For as long as people have worn clothes, old garments have be repurposed, handed down, and remade. But second hand shopping as we know it today is a fairly new concept. Before the Industrial Revolution, all clothing was custom and handmade either by a tailor or someone in the family who knew how to sew. Because making new garments was time consuming, clothes were not seen as disposable and their lifetime was stretched as long as possible. For example, if a mother bought a new dress from a tailor she would wear it and wear it nearly every day, and mend any tears and rips as they occurred. Then, when the dress could no longer be mended, it would be made into clothes for the children. Then when the children outgrew the clothes or the clothes became too worn, the clothes would then be used as rags or stuffing for furniture. But once the Industrial Revolution completely changed how fashion was manufactured, the disposal and use of clothing would completely change too.
As clothing became more and more inexpensive to manufacture, people began to see clothing as disposable. Why take the time and effort to mend things when you could just go out and buy a new one fairly inexpensively? As more and more people moved to cities to find work, they often had to cut down on the possessions they owned because they had less space. But where would all the used clothing and housewares go? At this time in the late 19th century/earth 20th century, wearing pre-owned items was a bit of a faux-pas. It showed that you didn’t have much money, and there were also some anti-semitic connotations to this. The first preowned merchants were typically Jewish, and there was much bias against Jews at this time. Despite this, it was shown that good money could be made from reselling items, so in 1897 the Salvation Army opened up a “salvage brigade” shop in the basement of a shelter, and the first Goodwill opened in 1902. Christian organizations saw resale shops as a good way to fund their ministries and help the less fortunate. In addition, many thrift shops at this time offered outreach programs, like Goodwill still does today by offering free English classes and help finding jobs.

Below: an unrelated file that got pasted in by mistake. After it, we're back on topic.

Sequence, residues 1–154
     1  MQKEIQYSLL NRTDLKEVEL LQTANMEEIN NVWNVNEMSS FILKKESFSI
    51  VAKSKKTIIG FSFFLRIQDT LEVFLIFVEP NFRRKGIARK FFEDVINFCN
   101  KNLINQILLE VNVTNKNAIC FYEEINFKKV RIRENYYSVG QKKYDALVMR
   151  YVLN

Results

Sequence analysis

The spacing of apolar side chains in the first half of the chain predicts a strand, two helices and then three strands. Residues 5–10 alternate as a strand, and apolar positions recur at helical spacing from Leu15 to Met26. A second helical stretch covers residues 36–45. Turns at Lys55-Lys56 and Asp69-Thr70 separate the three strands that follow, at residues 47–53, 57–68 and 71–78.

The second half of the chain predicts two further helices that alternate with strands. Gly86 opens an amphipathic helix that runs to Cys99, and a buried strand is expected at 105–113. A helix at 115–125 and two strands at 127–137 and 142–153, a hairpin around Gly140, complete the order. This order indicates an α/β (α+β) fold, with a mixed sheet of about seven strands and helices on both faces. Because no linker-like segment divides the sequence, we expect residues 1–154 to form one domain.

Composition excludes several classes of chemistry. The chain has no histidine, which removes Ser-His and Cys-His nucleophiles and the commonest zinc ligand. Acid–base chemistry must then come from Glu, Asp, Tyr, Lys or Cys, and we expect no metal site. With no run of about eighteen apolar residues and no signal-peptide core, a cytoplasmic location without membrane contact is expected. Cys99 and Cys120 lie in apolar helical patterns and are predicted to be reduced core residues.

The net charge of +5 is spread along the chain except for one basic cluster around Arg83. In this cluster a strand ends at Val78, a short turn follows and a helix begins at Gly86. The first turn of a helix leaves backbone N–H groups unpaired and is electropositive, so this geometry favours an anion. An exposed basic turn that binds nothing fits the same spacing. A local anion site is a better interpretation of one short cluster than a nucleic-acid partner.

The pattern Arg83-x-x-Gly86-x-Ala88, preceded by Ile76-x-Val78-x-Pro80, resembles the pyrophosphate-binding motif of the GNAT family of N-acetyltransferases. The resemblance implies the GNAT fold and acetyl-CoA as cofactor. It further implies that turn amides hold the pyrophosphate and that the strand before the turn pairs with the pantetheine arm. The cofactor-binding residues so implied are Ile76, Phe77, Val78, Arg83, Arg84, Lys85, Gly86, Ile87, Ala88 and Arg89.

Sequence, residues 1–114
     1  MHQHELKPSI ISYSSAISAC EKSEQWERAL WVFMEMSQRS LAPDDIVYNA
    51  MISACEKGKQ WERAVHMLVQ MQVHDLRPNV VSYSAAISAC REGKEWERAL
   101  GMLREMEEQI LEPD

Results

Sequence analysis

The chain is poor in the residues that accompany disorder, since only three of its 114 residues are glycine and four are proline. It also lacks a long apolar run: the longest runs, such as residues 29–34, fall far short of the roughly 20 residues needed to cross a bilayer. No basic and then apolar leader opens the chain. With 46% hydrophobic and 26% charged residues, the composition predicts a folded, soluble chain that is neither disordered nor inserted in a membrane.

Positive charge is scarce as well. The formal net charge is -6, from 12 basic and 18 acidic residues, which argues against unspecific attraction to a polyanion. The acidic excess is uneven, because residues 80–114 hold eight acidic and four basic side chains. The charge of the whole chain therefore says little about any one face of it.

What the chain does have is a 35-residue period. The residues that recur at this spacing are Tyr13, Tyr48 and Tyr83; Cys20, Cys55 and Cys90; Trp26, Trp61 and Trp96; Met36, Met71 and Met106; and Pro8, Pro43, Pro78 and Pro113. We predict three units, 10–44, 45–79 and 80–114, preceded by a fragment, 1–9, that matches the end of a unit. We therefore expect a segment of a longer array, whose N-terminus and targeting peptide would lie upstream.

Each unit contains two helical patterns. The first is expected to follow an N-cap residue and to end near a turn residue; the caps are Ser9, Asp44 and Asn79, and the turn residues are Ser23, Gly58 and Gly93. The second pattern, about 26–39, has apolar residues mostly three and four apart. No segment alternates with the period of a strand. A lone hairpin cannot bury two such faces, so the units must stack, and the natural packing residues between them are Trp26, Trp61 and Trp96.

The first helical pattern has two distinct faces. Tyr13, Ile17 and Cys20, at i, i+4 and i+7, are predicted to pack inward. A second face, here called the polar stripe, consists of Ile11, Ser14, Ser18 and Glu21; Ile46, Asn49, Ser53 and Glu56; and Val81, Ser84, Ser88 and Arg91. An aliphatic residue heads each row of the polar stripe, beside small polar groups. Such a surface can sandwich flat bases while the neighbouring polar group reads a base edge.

Thrift stores were originally called “junk shops” which didn’t help their popularity and reputation at the time. But by the 1920’s when more and more people began shopping secondhand, they became known as thrift shops, which made people feel better about shopping at them. Then, once the Great Depression hit, people couldn’t afford to part with their belongings, and the same thing happened during World War II. But, after the boom of post-war prosperity, business took off for thrift stores during the 1950’s. Part of this also had to do with synthetic fibers becoming more popular and widespread - Polyester was created in 1941 and it soon became a staple fiber for textiles. People were parting with their old goods, and opting for new polyesters ones.
It was also during the 1950’s that more specialized thrift shops emerged - such as consignment shops and vintage shops where wealthier consumers would peruse, looking for high-end and couture garments at a reduced price. Since then, this “treasure hunt” style of second hand shopping has only skyrocketed. After this, with the rise of the Environmental Movement, thrift shopping also became a way of environmentally-friendly shopping, and was seen as a form of recycling - as it is today.
Today, second hand shopping is easier than ever. There are thrift, consignment, and vintage shops all over cities and urban areas. Plus, with the creation of websites like ThredUp and TheRealReal, now consumers don’t even have to leave their homes to find great garments at a second-hand price. Plus, private clothing brands themselves have started their own resale shopping sites. One of the most popular is Eileen Fisher’s Renew program where customers can send back their used Eileen Fisher garments and the clothes are then mended, repaired, remade, and resold at a lower price. Eileen Fisher has a team of seamstresses that work specifically for the Renew program who are experts at repairing garments. This is also a sustainable option - instead of throwing used and worn garments away, they can be remade and their lifespan can be extended. There’s also a company, the local Renewal Workshop, located in Cascade Locks, OR that works with brands to help extend the lifetime of their products and help them create a circular lifespan. Also, they collect data on the brand they work with and share it with them to let them know how to better manufacture their garments.
So where will the resale industry go from here? It’s only expected to grow larger - specifically to a $41 Billion dollar industry by 2022, and about half (49%) of that resale industry is the clothing resale industry. Plus, this industry is growing 24 times faster than the regular retail industry. With the fast growth of resale, it will be interesting to see where technology, innovation, and sustainability will take us.